“I only receive this part now in bits and pieces from eyewitnesses,” the Judge warned, “But I have placed it together into a cohesive whole. Now having probable cause, the officers kicked in the door and tracked Dupin to the living room. Candles lined every edge, nook and cranny of the space, now devoid of any furniture save a table dead center with a white cloth draped over it. Placed on top, gagged and bound was the missing girl. Standing over the child, Dupin held a knife over his head in both hands. ‘Place the weapon on the ground!’ one of the uniforms shouted. Dupin didn’t seem to notice of the officers, and instead seemed to speak to something waiting invisibly in the air. ‘I obey your will! Your will be done!’ As Dupin’s knife fell down to the child’s bare chest, one of the elder officer’s fired. He did not kill Dupin, but merely wounded him.”
“Thank God for that,” I said, “At least no one died that night.”
The Judge frowned, “I didn’t say that. Dupin went to a psychiatric ward screaming about daemons and shadows, and the child went through the proper channels, then home…but the Usher’s who rented the property…their lives ended quite tragically. They found Rodney Usher with a hose flowing through his window and to his automobile’s exhaust port; an empty six shot pistol carried in his dead right hand. Usher put one round into the temple of his wife and two children tucked in their beds. Those casings were found in each room.”
“And the other three casings?” I asked.
His brows narrowed, “Inside the car with him. But, the investigators never found the receiving end of those shots. What they did find baffled them even more.”
The Judge sat back down and fidgeted, clearly uncomfortable with recounting the tale, “Donald, you are an intelligent man. So, you know that the character and composition of glass only allows for it to be scratched from one side or the other. It is impossible, unless for rare exceptions in the manufacturing process and certain extreme environmental factors, that scratches can appear from inside the glass pane itself. I tell you Donald, what those investigators found left them with more questions than answers, for every last pane of glass on the exterior of the vehicle was scratched in long claw-like gashes from dead center! It was as if something tried to tear its way into the vehicle from inside the glass itself! On the front passenger seat, the detectives found shards of glass from the inner half of the adjoining window!”
“Clearly make believe…how else do you explain it?” my naive mind would still have no part in believing these stories.
“Some cultures,” he began with the utmost patience, “Believe in the ‘fauna of mirrors.’ It is thought that within these artificial reflections are glimpses into another universe…or dimension of existence. This creature, released from that damnable witch board, followed the Ushers to their new residence, and killed Rodney Usher by breaking into his car from inside his passenger side window!”
“No, my friend,” I corrected with kindness, “You said he was found with the hose through his window.”
“Ah, I did say that,” he agreed, “But it is hard to kill oneself with carbon monoxide…when the car is not running and the keys are in your pocket! No…Rodney Usher was found dead with a six shooter in his hand. But it took DNA and fingerprint analysis to confirm the identity of the man behind the wheel…because something ripped his face clean off!”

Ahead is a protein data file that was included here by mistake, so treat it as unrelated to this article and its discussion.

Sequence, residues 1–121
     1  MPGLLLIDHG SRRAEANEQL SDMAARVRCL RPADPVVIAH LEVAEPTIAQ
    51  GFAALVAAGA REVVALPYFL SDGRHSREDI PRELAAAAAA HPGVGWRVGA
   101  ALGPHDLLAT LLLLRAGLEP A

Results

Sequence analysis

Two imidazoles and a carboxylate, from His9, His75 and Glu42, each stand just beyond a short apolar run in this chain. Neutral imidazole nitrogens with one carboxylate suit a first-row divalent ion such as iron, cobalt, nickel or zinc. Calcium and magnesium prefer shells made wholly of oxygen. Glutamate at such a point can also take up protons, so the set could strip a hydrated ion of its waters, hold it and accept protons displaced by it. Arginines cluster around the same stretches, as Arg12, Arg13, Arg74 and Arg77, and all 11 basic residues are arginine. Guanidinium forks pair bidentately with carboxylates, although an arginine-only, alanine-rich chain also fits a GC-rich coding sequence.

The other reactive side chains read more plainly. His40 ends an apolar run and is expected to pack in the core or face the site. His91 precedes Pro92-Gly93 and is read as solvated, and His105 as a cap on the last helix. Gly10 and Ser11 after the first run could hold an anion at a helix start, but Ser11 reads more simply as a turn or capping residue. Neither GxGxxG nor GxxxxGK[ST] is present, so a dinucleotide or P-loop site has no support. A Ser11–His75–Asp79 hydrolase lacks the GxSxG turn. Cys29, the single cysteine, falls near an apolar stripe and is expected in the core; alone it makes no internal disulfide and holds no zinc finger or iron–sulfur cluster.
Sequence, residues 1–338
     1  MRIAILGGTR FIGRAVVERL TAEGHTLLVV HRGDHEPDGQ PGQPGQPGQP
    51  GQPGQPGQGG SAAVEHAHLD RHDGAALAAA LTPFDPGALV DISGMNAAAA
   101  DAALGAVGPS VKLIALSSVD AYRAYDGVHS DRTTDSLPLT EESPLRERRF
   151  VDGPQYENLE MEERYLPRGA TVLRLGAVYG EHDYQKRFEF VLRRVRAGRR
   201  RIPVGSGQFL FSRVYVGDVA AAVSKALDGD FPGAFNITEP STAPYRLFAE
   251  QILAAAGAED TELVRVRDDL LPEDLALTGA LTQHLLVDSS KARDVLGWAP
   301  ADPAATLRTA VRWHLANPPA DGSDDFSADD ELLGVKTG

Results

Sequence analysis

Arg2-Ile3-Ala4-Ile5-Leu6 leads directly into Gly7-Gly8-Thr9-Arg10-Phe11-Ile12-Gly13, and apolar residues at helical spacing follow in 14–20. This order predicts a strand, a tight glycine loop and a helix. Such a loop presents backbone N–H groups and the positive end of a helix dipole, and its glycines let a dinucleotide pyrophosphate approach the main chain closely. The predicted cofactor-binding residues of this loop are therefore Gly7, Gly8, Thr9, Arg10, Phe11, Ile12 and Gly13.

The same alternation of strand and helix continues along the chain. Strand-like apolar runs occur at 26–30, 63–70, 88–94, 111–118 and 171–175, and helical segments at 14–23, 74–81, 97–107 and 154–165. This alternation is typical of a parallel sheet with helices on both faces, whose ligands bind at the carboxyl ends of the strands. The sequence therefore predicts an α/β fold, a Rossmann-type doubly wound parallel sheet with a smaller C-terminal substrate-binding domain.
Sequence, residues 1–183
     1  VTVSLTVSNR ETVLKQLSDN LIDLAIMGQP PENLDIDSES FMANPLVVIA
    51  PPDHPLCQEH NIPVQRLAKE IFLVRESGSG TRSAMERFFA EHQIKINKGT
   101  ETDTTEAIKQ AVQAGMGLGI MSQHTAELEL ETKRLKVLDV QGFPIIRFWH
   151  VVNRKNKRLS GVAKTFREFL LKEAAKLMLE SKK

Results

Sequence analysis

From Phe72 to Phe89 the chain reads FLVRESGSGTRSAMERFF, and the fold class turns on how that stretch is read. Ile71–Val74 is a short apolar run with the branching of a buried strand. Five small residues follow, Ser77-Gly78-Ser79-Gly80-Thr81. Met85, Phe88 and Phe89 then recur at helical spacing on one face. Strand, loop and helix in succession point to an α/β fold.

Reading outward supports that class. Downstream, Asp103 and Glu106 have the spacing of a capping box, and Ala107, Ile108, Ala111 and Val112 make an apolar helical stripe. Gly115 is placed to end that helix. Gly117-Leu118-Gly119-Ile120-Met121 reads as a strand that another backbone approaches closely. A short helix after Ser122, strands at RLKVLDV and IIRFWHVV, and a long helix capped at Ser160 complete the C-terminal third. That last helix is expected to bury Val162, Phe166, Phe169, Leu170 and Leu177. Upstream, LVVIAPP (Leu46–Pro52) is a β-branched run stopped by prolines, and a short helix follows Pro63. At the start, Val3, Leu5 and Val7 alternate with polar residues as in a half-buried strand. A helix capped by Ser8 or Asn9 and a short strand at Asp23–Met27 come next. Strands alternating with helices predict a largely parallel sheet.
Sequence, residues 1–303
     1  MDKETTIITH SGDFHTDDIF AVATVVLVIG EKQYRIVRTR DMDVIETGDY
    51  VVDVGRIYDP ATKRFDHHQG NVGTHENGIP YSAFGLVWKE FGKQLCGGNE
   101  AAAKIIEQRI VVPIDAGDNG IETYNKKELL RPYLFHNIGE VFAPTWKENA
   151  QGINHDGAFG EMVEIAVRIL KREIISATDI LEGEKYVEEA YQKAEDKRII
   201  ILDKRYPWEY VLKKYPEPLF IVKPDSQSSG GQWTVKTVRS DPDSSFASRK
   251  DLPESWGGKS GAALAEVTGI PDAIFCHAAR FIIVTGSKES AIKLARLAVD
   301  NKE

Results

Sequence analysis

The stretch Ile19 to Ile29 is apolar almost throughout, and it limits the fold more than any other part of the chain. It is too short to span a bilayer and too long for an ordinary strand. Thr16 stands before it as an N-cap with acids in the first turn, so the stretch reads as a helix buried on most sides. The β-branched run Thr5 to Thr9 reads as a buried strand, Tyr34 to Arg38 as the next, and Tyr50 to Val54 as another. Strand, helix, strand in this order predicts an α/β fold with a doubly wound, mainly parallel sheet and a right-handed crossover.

“Could this be some maniacal serial killer?” I asked, still not willing to give up my laughable rouse of reality.
“If so,” the Judge brushed off the suggestion like so much annoying dust, “Then it is the most efficient and effective murderer ever to have walked this Earth, as it leaves no fingerprints or other traces of its presence.”
We both discontinued the conversation, and I stole the moment to look out the window at site number four of this macabre strain of terror. Gazing into its soulless glass panes now, a new wave of gratuitous fear overtook me. Those windows! Those black voided windows allowing glimpses into only the recesses of dark nothingness! Could the Judge be speaking of something within this sane world of ours? Though I dare not look out at them in the present for a different reason of the likes I shall get to later; I can still recall them in a more vivid reflection than any those alien panes ever allowed since the demise of their former owners. The reason for the blank vestibules devoid of any reflection of light or image is that they are no longer depicting images of this universe, but another! Though I knew it not then, I now know why James Dupin fled so frantically from the house of the Surgeon. He found that place which is denied to any three dimensional being of our plane of existence. Somehow he stepped through that area that the daemon Eviel now straddles, and passed into the void which the older houses are filled of completely: he stepped into that infernal fourth dimension and experienced those things that the eyes cannot comprehend, the ears cannot understand, the buds cannot taste, the nostrils cannot partake, and the flesh cannot touch! Save for some inner most subconscious level, Dupin’s sound and healthy mind shattered upon the mere eclipse of realities. It was in that pure depth of subconsciousness that Dupin garnered that thing which he held with him…that thing which he spoke to that night of the Usher’s fall…he heard the voice of Eviel and knelt.